Variation refers to the degree of dispersion, diversity, or inequality in a distribution: the extent to which observations of an attribute are similar to or different from one another. Applications of variation in the social sciences include income inequality, the degree to which incomes are concentrated among a few households or spread broadly across a population, and religious diversity, which describes whether a single religion dominates the cultural landscape or multiple religions exist side by side.
Popular quantitative measures of variation include the following:
Range : The difference between extreme values.
Variance : The sum of the squared distances from each observation to the mean divided by the number of observations (for a population) or divided by one less than the number of observations (for a sample).
Standard deviation : The square root of the variance. The standard deviation is the average distance between a set of observations and the mean.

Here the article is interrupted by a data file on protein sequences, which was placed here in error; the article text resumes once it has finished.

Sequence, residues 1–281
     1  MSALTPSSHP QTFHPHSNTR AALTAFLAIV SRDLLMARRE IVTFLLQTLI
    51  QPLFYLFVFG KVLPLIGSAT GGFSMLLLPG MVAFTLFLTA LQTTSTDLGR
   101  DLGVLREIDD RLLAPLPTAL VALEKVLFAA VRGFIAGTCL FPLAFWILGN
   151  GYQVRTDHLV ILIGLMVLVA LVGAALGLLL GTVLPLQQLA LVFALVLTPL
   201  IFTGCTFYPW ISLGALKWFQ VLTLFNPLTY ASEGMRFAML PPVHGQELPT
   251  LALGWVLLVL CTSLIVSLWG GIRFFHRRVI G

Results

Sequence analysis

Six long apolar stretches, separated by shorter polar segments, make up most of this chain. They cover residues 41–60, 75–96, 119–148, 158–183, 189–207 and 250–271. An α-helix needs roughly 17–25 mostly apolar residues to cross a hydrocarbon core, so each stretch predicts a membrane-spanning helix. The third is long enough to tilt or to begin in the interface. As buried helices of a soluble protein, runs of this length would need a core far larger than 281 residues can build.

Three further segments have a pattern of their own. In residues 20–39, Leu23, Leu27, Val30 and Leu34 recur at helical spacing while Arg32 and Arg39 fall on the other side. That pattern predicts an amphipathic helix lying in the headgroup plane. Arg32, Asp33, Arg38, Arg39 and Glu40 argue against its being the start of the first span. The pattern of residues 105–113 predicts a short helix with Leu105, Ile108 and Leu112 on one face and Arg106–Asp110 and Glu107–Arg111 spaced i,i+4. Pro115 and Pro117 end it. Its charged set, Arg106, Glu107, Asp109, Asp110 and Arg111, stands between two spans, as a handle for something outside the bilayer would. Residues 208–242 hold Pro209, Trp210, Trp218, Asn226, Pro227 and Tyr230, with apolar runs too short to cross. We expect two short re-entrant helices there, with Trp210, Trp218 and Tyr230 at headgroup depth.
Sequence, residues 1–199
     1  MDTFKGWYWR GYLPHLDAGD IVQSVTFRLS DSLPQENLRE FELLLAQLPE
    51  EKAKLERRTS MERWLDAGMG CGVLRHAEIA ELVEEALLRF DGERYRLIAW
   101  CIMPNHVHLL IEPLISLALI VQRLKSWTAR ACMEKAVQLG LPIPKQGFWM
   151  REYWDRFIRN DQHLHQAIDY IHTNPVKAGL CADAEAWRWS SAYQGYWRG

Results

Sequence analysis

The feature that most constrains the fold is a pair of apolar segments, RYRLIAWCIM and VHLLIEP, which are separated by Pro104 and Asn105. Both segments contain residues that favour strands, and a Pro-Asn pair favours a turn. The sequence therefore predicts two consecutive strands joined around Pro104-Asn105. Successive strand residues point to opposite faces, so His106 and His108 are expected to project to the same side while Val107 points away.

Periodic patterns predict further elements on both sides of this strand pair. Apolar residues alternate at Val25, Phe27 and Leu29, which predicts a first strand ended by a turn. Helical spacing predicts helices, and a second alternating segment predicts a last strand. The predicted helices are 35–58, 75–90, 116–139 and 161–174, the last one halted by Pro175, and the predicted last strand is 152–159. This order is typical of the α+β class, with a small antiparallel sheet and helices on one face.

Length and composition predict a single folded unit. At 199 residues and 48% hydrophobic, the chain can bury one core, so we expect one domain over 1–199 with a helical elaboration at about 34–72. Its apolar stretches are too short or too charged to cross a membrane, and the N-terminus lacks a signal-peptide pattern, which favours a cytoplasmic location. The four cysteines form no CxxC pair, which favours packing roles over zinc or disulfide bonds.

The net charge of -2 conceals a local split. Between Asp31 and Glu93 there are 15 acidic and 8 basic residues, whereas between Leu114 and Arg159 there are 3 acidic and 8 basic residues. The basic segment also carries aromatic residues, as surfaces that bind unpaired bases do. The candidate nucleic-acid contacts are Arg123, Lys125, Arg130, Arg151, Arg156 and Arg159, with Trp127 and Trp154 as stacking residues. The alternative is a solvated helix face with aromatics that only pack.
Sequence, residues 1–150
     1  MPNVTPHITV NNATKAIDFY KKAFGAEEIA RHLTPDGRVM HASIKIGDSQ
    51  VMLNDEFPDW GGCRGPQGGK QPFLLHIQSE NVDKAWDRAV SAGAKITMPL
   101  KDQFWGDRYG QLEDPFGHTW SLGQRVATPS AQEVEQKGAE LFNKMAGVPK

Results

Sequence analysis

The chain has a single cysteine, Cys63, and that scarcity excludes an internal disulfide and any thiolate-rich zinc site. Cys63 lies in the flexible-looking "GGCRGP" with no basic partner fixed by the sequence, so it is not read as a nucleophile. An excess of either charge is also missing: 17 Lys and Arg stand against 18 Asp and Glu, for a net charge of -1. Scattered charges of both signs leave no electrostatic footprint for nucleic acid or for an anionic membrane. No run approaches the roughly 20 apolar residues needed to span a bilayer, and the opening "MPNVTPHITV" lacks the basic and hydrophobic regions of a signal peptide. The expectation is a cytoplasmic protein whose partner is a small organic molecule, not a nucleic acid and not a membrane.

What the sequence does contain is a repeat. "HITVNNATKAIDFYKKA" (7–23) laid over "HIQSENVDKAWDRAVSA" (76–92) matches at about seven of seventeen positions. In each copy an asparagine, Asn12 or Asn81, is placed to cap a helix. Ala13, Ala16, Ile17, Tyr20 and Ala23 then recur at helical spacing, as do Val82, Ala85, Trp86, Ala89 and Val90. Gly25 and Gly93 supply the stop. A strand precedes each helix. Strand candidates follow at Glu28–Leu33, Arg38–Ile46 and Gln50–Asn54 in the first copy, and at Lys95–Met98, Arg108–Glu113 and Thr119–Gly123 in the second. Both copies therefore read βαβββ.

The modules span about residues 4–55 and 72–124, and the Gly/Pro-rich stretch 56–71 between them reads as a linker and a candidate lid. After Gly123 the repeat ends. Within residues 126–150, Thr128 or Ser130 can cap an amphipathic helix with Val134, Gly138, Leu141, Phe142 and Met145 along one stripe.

Coefficient of variation : The standard deviation divided by the mean. Graphically the coefficient of variation describes the peakedness of a unimodal frequency distribution. Because the coefficient of variation scales to the mean, this measure often is used in comparative analysis.
Gini coefficient : Bounded by zero and one, where lower values correspond to greater equality, the Gini coefficient is defined as twice the area between the Lorenz curve and an equality diagonal. (To construct a Lorenz curve, one ranks the observations from lowest to highest on the variable of interest and then plots the cumulative proportion of the population against the cumulative proportion of the variable of interest.)
Theil’s T statistic : Particularly appropriate for hierarchical, nested, or aggregate data, Theil’s T statistic is the product of the population share of each observation, the quotient of the observation and the population average, and the natural logarithm of the quotient of the observation and the population average, summed over all observations. Unlike the Gini coefficient and the coefficient of variation, Theil’s T statistic is sensitive to the number of underlying observations.